Miss Cuddlywumps reviews “Five Starving Cats and a Dead Dog” by Kristine Kathryn Rusch
“Five Starving Cats and a Dead Dog” is a story as creepy as its title suggests. It opens mysteriously with an orange cat running to hide and a woman reaching for a rifle whenever anyone approaches their remote home in the logging country of the Pacific Northwest. Now you might wonder why they have such neurotic reactions. I am here to tell you that they have their reasons.
This woman and her husband had planned an idyllic life. They’d sold their company and retired young, then found this big old house for sale at a price far above its worth. That high price should have been a clue, you might think, but the couple had the money and wanted the house, so they bought it.
Then they found the house’s cats, five of them, all expensive purebreds, and all starving. At first the cats wanted nothing to do with the husband—or any other man—but the woman formed a close bond with an orange kitten she called Grubby. The state of the cats was weird and unnerving enough, but that turned out to be nothing compared to the dog.
The dog (as the title says) was dead. The woman found its skull atop a half-dug grave. She showed her husband and he intended to bury it, but it was getting dark that evening and so they walked away and forgot it, until they happened to ask a fireman about it.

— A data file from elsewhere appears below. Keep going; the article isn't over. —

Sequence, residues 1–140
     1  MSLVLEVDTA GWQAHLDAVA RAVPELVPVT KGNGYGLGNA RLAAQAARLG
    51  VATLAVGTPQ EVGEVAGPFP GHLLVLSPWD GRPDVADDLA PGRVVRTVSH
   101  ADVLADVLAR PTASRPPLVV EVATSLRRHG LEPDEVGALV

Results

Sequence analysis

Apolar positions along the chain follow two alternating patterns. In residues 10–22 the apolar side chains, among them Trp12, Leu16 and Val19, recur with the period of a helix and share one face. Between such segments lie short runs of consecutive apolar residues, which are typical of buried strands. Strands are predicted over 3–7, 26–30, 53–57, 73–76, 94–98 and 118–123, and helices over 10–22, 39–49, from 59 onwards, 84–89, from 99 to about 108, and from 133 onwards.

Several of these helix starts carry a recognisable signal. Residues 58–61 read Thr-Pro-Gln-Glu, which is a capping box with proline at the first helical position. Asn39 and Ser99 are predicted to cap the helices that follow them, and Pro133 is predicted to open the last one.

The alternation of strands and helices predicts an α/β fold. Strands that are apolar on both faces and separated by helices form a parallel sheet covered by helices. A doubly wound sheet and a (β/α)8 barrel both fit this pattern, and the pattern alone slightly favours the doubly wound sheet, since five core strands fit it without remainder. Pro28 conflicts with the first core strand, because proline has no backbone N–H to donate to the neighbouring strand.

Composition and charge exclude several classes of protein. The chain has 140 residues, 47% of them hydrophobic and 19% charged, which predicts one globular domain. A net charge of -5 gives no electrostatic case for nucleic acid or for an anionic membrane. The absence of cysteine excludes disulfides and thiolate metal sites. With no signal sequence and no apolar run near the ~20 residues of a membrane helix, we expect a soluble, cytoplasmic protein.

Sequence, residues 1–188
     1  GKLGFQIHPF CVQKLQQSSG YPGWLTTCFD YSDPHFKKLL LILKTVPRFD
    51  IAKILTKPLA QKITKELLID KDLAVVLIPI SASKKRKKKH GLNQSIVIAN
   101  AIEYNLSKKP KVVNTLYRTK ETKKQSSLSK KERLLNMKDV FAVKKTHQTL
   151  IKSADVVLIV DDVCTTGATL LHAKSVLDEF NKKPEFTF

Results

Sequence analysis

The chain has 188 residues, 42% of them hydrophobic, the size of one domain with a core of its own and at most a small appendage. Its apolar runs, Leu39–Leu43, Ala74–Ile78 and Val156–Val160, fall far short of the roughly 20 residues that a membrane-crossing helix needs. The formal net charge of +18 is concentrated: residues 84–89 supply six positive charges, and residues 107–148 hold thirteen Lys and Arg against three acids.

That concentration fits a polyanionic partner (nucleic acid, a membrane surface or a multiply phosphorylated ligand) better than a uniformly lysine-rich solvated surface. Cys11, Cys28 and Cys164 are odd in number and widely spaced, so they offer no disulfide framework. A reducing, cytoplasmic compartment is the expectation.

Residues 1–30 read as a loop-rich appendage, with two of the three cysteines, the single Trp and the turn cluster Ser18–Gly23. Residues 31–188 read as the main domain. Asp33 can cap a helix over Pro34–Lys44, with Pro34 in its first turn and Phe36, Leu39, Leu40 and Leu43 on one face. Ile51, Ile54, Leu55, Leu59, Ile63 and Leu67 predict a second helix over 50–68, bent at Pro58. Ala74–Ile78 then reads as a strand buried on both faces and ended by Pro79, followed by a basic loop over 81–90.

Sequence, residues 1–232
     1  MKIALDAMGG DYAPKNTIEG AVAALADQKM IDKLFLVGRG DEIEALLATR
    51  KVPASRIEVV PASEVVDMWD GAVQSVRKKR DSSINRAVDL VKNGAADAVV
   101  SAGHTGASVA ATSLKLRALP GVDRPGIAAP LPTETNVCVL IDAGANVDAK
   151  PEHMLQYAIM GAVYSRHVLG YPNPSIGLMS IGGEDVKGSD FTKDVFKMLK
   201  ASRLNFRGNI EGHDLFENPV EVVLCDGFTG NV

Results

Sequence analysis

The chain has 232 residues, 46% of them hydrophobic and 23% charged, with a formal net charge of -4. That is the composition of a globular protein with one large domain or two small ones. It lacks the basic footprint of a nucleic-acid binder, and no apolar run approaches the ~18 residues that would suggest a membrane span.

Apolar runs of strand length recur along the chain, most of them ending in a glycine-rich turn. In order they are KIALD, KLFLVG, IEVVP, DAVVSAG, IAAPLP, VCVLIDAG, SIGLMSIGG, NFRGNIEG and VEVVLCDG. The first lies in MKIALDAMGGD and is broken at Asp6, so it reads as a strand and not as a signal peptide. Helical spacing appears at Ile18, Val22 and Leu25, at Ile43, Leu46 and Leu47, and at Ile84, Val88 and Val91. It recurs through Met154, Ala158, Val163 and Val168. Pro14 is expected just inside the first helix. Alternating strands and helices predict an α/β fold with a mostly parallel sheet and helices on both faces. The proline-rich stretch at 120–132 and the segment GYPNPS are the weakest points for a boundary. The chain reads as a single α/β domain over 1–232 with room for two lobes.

That was a big mistake. One night the woman, her husband, and Grubby all find out exactly how big a mistake it was when they get a visit from the house’s former owner. The story ends with the husband shot, Grubby and the woman terrified, and the former owner gone. Maybe he’s dead, but then again.…
Kristine Kathryn Rusch does not write cozy mysteries. I think the title of this story probably clued you in on the grittier nature of this particular tale. But if you are up for something gritty, you should give “Five Starving Cats and a Dead Dog” a try. It is a quick read, well written (as we have come to expect from Rusch), and maintains a heavy atmosphere of something-very-wrong-here from its first word to its last.
I give this story a very creeped-out